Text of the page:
The partial solar eclipse that Calcutta was tipped to see was sabotaged by clouds and intermittent showers in most places.
The morning was promising. The sun was out, triggering hopes of a decent viewing and sky lovers took to roofs and balconies with telescopes, X-ray plates and special glasses.
In a few pockets of the city, people could see the moon blocking a slice off the sun in the first phase of the spectacle. But the sky started changing colours as the day progressed and before noon, clouds blocked the view at most parts of the city. In some areas, the no-show was accompanied by a persistent drizzle.
The driver of a goods vehicle watches the solar eclipse after he stopped at a signal in Esplanade at 12.30pm. Picture by Sanat Kr Sinha
When the sky started clearing up, it was too late.
The slot for the annular solar eclipse in Calcutta was from 10.46am to 2.17pm, with the maximum eclipse tipped to be visible around 12.35pm.
An annular solar eclipse occurs when the disc of the moon covers the central portion of the sun leaving only a ring-like peripheral region, called the “ring of fire”, visible.
Employees of the Birla Industrial and Technological Museum on Sunday watch the solar eclipse. Picture by Gautam Bose
This was the second time on the trot when Calcuttans were deprived of a partial view of the spectacle because of the clouds, after a similar damp squib on December 26. Last year’s eclipse was prominently visible from a stretch of southern India.
This year, places like Haryana and Uttarakhand were tipped to the best spots to see the spectacle.
“The partial eclipse started in Calcutta around 10.46am. The sun was visible but there was a light veil of clouds most of the times. Between 11am and 11.45am, the sun and the clouds were playing hide and seek and one could intermittently get glimpses of the eclipse in progress. But after that, it started drizzling. Though the rain stopped after some time, the sky remained overcast,” said Debiprosad Duari, director (research and academic), MP Birla Planetarium, who tried watching the eclipse from his Salt Lake home.
The solar eclipse as seen from the Birla Industrial and Technological Museum at 12.39pm Picture by Gautam Bose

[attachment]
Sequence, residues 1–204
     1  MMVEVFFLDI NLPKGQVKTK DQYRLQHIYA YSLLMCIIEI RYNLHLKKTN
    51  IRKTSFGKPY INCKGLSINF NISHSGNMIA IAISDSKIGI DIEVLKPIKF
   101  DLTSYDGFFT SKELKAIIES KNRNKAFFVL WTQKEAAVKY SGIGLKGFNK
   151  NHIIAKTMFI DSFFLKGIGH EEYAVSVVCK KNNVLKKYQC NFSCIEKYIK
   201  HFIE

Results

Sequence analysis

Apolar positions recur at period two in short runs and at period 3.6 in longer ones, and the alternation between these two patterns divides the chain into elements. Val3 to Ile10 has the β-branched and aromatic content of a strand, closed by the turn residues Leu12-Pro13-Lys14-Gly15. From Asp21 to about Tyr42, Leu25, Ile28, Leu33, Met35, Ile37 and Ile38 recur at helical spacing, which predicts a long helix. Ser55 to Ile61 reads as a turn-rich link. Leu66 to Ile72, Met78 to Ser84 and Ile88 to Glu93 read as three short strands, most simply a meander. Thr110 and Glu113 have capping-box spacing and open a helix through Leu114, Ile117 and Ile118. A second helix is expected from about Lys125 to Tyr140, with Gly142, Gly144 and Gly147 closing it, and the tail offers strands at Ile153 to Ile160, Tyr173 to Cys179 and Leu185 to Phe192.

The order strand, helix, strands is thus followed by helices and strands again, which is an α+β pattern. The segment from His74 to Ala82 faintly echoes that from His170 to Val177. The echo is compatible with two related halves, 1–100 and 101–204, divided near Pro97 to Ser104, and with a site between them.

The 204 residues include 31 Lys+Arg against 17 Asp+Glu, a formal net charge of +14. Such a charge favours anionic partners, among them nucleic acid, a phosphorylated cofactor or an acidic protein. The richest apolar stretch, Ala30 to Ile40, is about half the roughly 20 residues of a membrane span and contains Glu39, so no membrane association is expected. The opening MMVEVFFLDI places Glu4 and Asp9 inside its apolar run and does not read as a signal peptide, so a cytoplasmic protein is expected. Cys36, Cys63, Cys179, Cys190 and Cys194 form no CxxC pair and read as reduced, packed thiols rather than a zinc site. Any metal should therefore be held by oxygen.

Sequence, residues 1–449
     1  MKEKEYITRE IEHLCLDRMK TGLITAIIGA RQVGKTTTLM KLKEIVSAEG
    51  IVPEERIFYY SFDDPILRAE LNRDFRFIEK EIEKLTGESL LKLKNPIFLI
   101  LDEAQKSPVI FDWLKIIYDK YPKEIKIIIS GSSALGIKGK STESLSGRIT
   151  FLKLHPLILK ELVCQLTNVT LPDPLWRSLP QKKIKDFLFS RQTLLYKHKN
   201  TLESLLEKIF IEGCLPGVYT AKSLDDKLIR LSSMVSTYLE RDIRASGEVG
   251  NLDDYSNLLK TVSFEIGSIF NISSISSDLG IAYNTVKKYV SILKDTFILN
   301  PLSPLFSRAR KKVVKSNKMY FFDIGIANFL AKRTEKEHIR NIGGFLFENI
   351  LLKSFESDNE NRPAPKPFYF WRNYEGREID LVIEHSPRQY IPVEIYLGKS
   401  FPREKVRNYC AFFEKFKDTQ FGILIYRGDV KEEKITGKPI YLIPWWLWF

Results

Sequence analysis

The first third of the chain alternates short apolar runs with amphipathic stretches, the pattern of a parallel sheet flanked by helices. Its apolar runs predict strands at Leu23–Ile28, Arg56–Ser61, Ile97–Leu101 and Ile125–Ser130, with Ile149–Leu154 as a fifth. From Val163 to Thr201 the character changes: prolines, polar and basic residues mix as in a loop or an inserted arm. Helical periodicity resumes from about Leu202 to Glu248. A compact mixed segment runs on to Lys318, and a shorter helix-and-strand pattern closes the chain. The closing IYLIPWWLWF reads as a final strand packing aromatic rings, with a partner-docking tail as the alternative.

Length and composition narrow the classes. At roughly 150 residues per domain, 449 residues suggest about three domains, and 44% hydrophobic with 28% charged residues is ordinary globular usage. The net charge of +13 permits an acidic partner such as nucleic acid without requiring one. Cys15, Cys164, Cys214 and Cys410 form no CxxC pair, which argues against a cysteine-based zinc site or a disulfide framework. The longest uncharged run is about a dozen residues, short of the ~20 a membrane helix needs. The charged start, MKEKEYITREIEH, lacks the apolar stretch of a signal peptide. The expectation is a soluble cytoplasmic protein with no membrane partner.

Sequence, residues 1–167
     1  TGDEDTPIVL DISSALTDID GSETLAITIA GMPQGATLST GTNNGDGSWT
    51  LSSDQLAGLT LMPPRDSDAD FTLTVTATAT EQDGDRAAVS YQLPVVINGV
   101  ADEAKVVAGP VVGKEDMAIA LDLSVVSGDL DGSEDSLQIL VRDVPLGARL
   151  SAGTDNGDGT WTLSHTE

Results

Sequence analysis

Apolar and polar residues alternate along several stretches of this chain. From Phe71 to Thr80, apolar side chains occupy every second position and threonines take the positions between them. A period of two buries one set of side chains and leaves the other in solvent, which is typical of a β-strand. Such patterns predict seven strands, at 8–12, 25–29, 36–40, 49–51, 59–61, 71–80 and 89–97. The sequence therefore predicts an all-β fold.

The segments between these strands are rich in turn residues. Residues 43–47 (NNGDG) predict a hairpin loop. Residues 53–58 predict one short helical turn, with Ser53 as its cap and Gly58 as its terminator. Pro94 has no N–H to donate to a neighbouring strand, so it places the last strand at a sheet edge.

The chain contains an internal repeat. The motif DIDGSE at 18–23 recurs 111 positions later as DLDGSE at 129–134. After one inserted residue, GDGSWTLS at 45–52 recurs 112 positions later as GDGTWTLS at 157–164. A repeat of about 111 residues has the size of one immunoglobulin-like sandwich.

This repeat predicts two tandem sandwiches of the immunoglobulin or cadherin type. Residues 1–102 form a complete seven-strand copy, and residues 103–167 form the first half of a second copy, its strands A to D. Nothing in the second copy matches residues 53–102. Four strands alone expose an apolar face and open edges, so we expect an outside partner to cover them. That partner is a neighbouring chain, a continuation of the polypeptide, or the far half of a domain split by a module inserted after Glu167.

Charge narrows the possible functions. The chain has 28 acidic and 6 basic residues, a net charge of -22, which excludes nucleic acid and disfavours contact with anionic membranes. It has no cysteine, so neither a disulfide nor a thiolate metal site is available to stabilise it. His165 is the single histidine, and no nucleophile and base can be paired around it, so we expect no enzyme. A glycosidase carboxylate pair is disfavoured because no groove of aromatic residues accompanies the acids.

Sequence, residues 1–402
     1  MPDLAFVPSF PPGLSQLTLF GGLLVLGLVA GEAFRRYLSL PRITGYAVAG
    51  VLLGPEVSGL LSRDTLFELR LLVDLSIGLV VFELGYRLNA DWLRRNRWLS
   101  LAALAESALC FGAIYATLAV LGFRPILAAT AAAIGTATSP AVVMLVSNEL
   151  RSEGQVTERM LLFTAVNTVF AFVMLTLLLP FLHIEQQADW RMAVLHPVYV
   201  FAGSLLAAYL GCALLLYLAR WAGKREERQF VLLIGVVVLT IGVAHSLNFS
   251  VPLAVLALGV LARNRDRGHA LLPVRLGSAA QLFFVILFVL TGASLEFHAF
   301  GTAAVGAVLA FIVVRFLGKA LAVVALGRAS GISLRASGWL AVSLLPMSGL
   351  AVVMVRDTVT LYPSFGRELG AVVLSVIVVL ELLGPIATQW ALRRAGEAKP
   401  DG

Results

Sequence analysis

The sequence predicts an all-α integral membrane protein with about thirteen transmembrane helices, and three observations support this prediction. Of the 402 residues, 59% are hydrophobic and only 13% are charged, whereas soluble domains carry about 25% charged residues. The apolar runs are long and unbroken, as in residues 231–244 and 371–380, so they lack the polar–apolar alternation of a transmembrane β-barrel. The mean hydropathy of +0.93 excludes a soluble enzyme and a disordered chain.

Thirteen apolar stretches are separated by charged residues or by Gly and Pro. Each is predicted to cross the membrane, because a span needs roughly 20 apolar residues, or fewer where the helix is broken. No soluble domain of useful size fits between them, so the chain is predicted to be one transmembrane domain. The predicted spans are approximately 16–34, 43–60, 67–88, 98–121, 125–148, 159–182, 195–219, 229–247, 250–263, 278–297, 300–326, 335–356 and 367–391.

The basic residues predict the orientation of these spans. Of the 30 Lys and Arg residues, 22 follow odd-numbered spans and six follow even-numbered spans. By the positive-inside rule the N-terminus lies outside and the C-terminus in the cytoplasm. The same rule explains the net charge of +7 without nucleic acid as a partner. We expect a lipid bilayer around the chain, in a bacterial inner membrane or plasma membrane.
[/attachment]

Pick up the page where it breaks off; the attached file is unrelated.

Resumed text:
A Behala resident said he saw the moon blocking a slice of the sun from 11.30am to 11.50am. A Kasba resident was not as lucky. “The sky was overcast for most of the time. It was raining intermittently,” he said.
Residents of Salt Lake, Beleghata and Phoolbagan also flocked to see the solar eclipse from rooftops and parks.
At least 50 residents of Salt Lake who had gathered in IA park to catch a glimpse of the solar eclipse had to run for cover inside the community centre nearby as it had started raining.
Volunteers of the Paschim Banga Vigyan Mancha went to the park armed with special glasses and solar eclipse viewing cards that have a small solar filter in the middle and gave it to those who had gathered to watch the eclipse. But the weather played spoilsport.
This picture of the eclipse was taken by senior nephrologist Arup Ratan Dutta at Lake Gardens
Scientists and staff at the Birla Industrial and Technological Museum had a different story to tell. The Covid-19 curbs had forced shut the museum for students and astronomy enthusiasts. The BITM administration had organised a webcast of the spectacle, as viewed from a Celestron 4 inch refractor telescope.
“When the clouds appeared and rain started, we thought the arrangement would be in vain. But shortly after 12.30pm, the sky cleared and the sun came out. We got a good view and the live feed from the telescope was shared from our YouTube channel. The webcast was viewed by close to 14,000 people,” said an official.